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1950-51 Theatre Catalog, 9th Edition, Page 119 (99)

1950-51 Theatre Catalog, 9th Edition
1950-51 Theatre Catalog
1950-51 Theatre Catalog, 9th Edition, Page 119
Page 119

1950-51 Theatre Catalog, 9th Edition, Page 119

Hospital Theatre caters to comfort

Unique Seating Plan and Graduated Floor Provide Ample Leg Room and Clear View for Disabled Cases

BRIEF: Uncle Sam,s hospitalized mariners at Great Lakes, "1., donit mind the monotony of long gsick bayi, sieges much now . . . The remodeled hospital theatre . . . reopened March 1 . . . incorporates a new and different seating arrangement which gives every patient room to stretch his crippled limbs . . . or to recline in his wheel chair . . . plus a sloping floor affording an unobstructed view of the screen . . . Films exercise their greatest force as morale builders . . . when exhibited in such an atmosphere of comfort . . . thought to have no known counterpart in hospital theatres.

The recreational needs of hospitalized bluejackets are fully provided for from a comfort point of view at the U. S. Naval Hospital, Great Lakes, 11]. The hospital theatre, which is open only to patients and staff members, has been remodeled at a cost of $60,000 in nonappropriated hospital welfare funds to provide special seating arrangements for crutch and wheel chair patients. Infirm sailors no longer need to undergo the discomfiture of crowding their disabled limbs into the normal narrow space between rows of theatre seats because the last two rows of the main fioor have three times the usual amount of leg room for crippled cases, while directly behind them special spaces are provided for wheel chair patients.

Construction and Furnishings

Before this unique remodeling was accomplished, movies and filiveli entertainment were shown in a combination gymnasium and auditorium. The level floor did not afford a good View of the screen, particularly for stretcher cases and others in semi-reclining positions, from

which an unobstructed and clear view of the screen was well nigh impossible. In addition to this drawback, acoustics and lighting facilities were way below par. Finally, since the entire audience, including disabled patients, was seated in uncomfortable and tightly spaced folding chairs, there was hardly ample room for the comfort of amputees and patients with leg casts.

,The desperately needed remodeling job was undertaken in November, 1948, after sufficient funds had been allocated by the Hospital Welfare and Recreation Department, a unit supported entirely by profits from the hospitals Shipls Service Store. Erwin G. Frederick, Chicago theatre architect, drew up the plans for the theatre according to the specifications of Captain J. F. Hooker, Medical Odiccr in command of the hospital. A Chicago contracting firm, Benjamin Chemers Company, performed the construction


under the supervision of Lt. John Nuckel, a member of the Navy Civil Engineering Corps and Hospital Public Works Officer.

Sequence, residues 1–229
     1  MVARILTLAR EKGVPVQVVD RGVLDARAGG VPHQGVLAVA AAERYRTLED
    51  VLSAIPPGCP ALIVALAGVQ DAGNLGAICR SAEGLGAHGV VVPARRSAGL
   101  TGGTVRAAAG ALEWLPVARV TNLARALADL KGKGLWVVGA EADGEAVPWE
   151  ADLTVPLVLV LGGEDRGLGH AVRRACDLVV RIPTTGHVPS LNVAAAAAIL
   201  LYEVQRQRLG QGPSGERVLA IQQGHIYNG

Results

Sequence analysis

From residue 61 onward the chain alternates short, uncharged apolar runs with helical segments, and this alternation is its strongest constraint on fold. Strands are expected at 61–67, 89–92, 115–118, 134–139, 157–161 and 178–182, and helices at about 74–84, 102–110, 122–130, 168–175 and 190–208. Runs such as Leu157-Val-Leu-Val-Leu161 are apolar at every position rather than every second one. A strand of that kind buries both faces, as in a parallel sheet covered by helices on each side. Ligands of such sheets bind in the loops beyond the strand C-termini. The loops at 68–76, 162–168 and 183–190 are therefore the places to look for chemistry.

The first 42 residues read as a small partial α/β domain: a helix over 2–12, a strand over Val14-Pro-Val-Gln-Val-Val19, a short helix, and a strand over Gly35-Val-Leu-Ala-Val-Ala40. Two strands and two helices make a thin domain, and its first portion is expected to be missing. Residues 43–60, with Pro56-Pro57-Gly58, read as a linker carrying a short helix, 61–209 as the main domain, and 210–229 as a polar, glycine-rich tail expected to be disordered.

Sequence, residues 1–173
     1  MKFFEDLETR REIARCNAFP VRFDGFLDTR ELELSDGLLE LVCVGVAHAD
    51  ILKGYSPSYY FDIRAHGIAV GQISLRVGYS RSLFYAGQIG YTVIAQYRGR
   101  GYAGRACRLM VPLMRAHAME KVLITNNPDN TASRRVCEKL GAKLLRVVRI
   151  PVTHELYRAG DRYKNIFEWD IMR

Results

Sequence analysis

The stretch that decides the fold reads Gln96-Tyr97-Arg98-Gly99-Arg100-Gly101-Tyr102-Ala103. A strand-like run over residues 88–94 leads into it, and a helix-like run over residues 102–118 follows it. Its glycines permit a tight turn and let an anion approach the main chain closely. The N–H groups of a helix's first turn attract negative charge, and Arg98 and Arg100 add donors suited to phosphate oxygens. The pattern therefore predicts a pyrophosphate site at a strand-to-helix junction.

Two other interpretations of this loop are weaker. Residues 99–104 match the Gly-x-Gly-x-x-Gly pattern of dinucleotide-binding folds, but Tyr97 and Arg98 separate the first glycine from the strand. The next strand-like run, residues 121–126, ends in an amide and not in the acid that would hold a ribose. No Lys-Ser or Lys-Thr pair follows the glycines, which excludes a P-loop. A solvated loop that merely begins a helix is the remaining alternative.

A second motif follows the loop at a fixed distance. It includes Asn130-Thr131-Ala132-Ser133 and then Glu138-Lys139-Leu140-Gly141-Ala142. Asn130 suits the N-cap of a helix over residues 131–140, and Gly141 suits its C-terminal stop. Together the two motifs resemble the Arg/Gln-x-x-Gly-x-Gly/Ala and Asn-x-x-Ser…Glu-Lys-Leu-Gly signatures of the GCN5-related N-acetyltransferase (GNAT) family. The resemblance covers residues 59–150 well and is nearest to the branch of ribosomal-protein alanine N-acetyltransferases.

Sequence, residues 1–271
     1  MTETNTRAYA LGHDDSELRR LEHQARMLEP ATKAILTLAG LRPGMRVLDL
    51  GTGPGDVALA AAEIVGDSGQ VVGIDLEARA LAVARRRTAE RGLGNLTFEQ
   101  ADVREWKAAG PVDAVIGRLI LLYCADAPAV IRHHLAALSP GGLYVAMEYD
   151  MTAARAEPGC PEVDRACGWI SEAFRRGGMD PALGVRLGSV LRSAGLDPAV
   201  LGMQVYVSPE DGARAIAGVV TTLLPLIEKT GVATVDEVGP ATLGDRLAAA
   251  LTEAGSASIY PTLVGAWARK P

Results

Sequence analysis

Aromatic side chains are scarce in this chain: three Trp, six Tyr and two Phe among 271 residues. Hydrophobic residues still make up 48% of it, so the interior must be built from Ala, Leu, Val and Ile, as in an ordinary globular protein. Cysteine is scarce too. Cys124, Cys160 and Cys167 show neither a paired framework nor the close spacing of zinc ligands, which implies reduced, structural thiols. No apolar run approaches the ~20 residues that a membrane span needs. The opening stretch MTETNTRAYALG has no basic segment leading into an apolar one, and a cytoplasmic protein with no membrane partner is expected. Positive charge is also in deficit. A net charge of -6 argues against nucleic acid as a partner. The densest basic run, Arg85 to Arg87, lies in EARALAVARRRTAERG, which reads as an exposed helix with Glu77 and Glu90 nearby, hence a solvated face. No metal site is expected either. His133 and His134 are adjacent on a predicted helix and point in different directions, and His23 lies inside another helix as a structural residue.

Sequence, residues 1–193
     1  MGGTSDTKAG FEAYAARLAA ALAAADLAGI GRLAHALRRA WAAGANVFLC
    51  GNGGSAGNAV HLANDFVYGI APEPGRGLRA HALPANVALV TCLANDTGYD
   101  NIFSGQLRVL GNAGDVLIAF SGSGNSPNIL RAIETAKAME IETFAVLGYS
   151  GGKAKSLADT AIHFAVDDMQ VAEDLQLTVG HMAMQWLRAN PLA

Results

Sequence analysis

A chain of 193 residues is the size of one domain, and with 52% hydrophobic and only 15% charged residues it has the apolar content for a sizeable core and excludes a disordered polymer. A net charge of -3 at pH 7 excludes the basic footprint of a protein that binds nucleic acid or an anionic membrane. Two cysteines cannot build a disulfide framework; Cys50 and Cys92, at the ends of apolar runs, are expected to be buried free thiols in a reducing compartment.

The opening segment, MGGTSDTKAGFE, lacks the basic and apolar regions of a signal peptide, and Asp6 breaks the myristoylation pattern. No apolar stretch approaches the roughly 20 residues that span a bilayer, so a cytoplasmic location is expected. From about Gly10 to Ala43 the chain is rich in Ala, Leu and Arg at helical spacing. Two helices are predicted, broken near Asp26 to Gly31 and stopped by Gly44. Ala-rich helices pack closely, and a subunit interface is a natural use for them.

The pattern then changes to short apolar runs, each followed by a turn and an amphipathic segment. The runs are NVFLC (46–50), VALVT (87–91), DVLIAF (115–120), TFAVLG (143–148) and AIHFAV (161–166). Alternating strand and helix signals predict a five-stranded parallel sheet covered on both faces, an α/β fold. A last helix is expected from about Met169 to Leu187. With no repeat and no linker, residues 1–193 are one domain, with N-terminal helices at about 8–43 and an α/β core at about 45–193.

The building, which also houses a library, Shipls Service, and chaplainsi offices, is of simple frame construction. A short flight of steps leads up to the porch of the recreation building where the theatre is located, and three double entrance doors are located between the porchls pillars which support a small balcony above.

The carpet upon which the visitor treads immediately on entering the theatre is backed by a rubber rug pad to deaden sound. It and all other carpeting in the theatre was manufactured by Alex ander Smith and Sons. The red, white, and blue theme of the interior is broken by acoustical drapes of green. The bulk of illumination is furnished by 40 overhead lights mounted flush in the ceiling.

Theatre chairs are red in color and were provided by the Ideal Seating Company. Curtain controls and tracks were supplied by Vallen, Inc. De Vry projectors and sound, Strong rectifiers and projection lamps, GoldE rewinders, Century spotlights, and Hub switchboard and dimmer motors highlight the projection booth equipment.

Due to its non-profit, military nature, the theatre charges an admission of only 12c with a different show featured every night in the week. Experience has shown that patients prefer domestic or musical comedies. Cartoons are a "mustly because of their beneficial "laugh" value. Heavy drama and westerns are not generally included in program schedules.

Unique Seating Plan

As was pointed out in the initial part of this article, the truly distinguishing feature of the Great Lakes Naval Hospital theatre is its unique seating arrangement. The semi-ambulatory patients section is situated at the center of the main fioor, at the head of the main entrance ramp. A total of 14 wheel chairs, 7 on each side of the center aisle, may be placed against a bumper secured to a sloping door. The graduation of the floor permits patients a clear view of the stage. Since the center aisle leads directly to an exit ramp approximately 20 feet behind the last row of crutch patients, semi-ambulatory cases have ready access to escape in the event of fire.

Adjustable stretchers, raised on wheels, may be placed in this section as well. A hospital attendant is seated in a regular theatre chair directly behind each wheel chair or stretcher.

A WORD FROM THE BOSS, Rear Admiral I. Carey Iones, USN. Commandant, Ninth Naval District. shakes hands with L. B. Shea. Boatswains Mate first class, a patient at Great Lakes Naval Hospital, at the dedication of their unique theatre recently remodeled ior more than $0300.00.

(U. S. Nary Pborw}
1950-51 Theatre Catalog, 9th Edition, Page 119